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  16. 16

    The bankruptcy of the models: myths and realities of AIDS in Brazil.

    Daniel H

    In: Sexuality, politics and AIDS in Brazil: in another world?, [by] Herbert Daniel and Richard Parker. London, England, Falmer Press, 1993. 33-47. (Social Aspects of AIDS)

    Physicians, scientists, journalists, and politicians announced the coming of AIDS to Brazil long before its arrival. Indeed, the Brazilian press carried important pieces on the subject since 1982. The press fueled most of the public debate on HIV/AIDS, playing up the more striking and enigmatic side of the epidemic. AIDS was depicted as a mystery, something beyond the technological capacity of the modern world, with death as its most distinguishing feature. Brazil had its first public case of AIDS in 1983, followed by a torrent of press on what was referred to as a gay cancer or gay plague. None of the media attention and related debate, however, resulted in the taking of preventive measures. The author argues that an inappropriate ideological model was adopted early in the epidemic which has guided Brazil's responses up to the present. The author discusses the features of that model. The main characteristic of the predominant model of AIDS generated in Brazil is that AIDS is a disease of gay men or the very poor, but definitely a disease of others.
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  17. 17
    Peer Reviewed

    Patients sue "AIDS-cure" Kenyan scientist.

    Dodd R

    Lancet. 1996 Jun 15; 347(9016):1688.

    Professor Arthur Obel, a Kenyan scientist who claims to have found the cure for acquired immunodeficiency syndrome (AIDS), through treatment with either of two drugs (Kemron and Pearl Omega) is being sued by patients upon whom Kemron was tested, and Pearl Omega has been banned by the Kenyan Ministry of Health. The backlog of cases in the Kenyan judicial system will allow Obel to avoid answering questions about Kemron, which was launched as an AIDS cure in 1993, while the case is coming to court. Obel then announced in a book, which was published in March, that Pearl Omega had converted the positive serostatus for human immunodeficiency virus (HIV) of seven patients. The Kenyan government had initially supported further clinical trials of Pearl Omega, which was announced to parliament by Assistant Health Minister Basil Criticos on April 24. A week later, Health Minister Joshua Angatia denounced Pearl Omega as an herbal concoction and stated that Obel had "bent the rules." Philip Mbithi, an old schoolfriend of Obel and former Chief Secretary in the Office of the President, is thought to have secured extensive research funds for Obel, who had compared himself to historical figures who had made important discoveries that were initially greeted with skepticism. Obel's reputation with the public is far from discredited. He was cheered during a lecture at Kenyatta University in Nairobi when he offered to donate Pearl Omega to the campus; in the same talk, he said that condoms imported from Europe were infected with HIV, a statement the government has yet to condemn.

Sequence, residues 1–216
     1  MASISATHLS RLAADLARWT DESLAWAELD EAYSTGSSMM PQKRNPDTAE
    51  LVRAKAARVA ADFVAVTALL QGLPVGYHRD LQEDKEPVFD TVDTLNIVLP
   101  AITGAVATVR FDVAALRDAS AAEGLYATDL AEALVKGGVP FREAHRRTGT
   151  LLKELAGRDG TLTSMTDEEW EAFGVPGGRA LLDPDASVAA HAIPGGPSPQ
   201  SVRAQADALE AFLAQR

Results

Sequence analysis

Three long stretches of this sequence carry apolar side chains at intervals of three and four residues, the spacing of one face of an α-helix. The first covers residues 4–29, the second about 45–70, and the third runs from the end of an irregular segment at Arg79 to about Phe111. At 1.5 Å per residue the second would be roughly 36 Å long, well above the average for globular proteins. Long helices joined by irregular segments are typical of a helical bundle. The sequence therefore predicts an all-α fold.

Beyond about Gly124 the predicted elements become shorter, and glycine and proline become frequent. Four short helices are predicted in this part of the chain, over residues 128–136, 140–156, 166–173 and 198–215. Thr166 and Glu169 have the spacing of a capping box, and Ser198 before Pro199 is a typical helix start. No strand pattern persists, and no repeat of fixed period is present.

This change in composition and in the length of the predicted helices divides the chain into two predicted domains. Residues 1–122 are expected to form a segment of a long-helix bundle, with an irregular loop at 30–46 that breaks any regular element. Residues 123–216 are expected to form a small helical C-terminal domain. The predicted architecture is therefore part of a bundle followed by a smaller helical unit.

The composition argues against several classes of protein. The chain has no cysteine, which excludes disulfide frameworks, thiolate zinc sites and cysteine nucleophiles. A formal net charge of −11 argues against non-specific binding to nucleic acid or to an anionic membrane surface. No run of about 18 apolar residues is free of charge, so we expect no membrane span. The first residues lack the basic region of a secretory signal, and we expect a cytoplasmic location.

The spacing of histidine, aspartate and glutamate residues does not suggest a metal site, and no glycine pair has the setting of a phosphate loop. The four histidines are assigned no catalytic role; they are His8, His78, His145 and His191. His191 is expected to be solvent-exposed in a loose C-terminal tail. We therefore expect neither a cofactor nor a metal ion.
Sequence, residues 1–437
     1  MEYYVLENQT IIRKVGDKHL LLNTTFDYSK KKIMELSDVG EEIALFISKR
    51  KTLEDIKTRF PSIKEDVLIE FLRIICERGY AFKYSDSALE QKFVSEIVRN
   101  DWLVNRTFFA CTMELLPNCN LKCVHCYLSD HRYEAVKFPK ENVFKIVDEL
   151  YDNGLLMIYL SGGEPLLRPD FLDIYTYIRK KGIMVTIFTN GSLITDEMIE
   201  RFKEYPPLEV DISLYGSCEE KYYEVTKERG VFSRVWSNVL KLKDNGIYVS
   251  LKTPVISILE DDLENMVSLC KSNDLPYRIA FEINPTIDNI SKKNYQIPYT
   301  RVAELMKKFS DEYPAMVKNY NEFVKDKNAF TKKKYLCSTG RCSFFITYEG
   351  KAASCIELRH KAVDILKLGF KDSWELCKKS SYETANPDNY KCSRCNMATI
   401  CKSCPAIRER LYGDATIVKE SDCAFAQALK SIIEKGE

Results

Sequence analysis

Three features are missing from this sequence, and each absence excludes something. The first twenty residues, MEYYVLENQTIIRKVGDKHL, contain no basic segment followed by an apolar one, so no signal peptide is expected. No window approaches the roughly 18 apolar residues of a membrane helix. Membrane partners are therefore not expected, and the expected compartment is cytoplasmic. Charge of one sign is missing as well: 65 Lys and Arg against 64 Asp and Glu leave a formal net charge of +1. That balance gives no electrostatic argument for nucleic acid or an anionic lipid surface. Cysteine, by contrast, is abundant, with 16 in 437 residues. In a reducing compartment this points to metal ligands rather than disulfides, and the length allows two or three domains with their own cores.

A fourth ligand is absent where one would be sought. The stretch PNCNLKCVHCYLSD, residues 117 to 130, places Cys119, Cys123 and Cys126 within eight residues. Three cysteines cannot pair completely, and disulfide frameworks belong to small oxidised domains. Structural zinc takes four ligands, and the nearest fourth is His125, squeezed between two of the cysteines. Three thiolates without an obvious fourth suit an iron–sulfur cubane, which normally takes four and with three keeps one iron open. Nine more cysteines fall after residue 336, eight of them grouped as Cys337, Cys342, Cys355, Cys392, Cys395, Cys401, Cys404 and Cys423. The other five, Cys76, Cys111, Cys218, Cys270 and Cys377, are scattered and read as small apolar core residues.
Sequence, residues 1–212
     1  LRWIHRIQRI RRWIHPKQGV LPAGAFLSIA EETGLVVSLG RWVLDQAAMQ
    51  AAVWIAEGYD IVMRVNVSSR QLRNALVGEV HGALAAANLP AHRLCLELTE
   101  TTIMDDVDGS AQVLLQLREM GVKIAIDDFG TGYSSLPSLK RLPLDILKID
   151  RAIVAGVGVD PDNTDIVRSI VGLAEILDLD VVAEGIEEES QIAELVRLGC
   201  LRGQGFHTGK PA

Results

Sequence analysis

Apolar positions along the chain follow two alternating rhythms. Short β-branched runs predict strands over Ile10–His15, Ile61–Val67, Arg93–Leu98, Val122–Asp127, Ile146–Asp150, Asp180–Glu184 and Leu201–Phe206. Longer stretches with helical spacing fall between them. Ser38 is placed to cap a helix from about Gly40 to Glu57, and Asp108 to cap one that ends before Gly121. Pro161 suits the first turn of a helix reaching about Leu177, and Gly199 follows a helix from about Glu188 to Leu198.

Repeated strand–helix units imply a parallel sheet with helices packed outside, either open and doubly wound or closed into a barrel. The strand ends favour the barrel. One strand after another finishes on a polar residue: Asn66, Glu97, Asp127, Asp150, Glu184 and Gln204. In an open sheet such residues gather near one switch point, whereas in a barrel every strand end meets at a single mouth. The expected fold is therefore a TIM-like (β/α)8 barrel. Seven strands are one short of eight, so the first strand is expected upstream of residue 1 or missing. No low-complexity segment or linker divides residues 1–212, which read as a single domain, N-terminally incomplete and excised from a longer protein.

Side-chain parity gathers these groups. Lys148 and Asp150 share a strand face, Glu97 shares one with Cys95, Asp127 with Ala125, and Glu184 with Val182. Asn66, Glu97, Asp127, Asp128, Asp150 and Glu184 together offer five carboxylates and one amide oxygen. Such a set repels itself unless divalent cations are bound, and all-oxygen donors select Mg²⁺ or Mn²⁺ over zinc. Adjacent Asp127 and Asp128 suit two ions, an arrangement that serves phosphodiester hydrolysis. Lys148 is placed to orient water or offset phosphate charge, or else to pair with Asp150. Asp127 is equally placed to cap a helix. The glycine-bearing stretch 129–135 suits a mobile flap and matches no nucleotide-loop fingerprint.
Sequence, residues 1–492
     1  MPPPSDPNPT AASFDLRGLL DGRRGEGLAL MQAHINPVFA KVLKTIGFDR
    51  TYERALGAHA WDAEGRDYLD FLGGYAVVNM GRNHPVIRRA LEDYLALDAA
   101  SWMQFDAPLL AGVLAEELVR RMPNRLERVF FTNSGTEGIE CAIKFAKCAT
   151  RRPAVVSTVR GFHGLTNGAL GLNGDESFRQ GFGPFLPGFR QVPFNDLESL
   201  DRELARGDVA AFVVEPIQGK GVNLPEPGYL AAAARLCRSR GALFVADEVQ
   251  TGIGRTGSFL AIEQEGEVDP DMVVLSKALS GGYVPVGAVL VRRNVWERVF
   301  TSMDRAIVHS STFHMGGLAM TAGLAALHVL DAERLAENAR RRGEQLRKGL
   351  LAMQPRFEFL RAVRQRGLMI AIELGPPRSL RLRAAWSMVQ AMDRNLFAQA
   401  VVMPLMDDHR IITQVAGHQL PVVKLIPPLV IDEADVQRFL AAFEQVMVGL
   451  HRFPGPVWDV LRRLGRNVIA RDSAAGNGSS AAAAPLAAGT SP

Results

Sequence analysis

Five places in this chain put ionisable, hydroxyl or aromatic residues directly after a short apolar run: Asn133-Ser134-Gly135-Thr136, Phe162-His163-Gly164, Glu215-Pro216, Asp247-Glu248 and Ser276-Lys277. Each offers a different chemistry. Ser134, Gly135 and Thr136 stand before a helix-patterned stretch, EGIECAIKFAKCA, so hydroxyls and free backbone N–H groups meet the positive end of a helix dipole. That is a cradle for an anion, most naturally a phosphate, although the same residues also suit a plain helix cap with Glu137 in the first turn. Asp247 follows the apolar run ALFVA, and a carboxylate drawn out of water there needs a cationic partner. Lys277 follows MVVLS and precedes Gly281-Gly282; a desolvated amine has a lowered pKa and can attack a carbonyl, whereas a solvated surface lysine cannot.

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  18. 18

    Child-abusers face mob justice.

    Sebunya C

    AIDS ANALYSIS AFRICA. 1996 Jun; 6(3):15.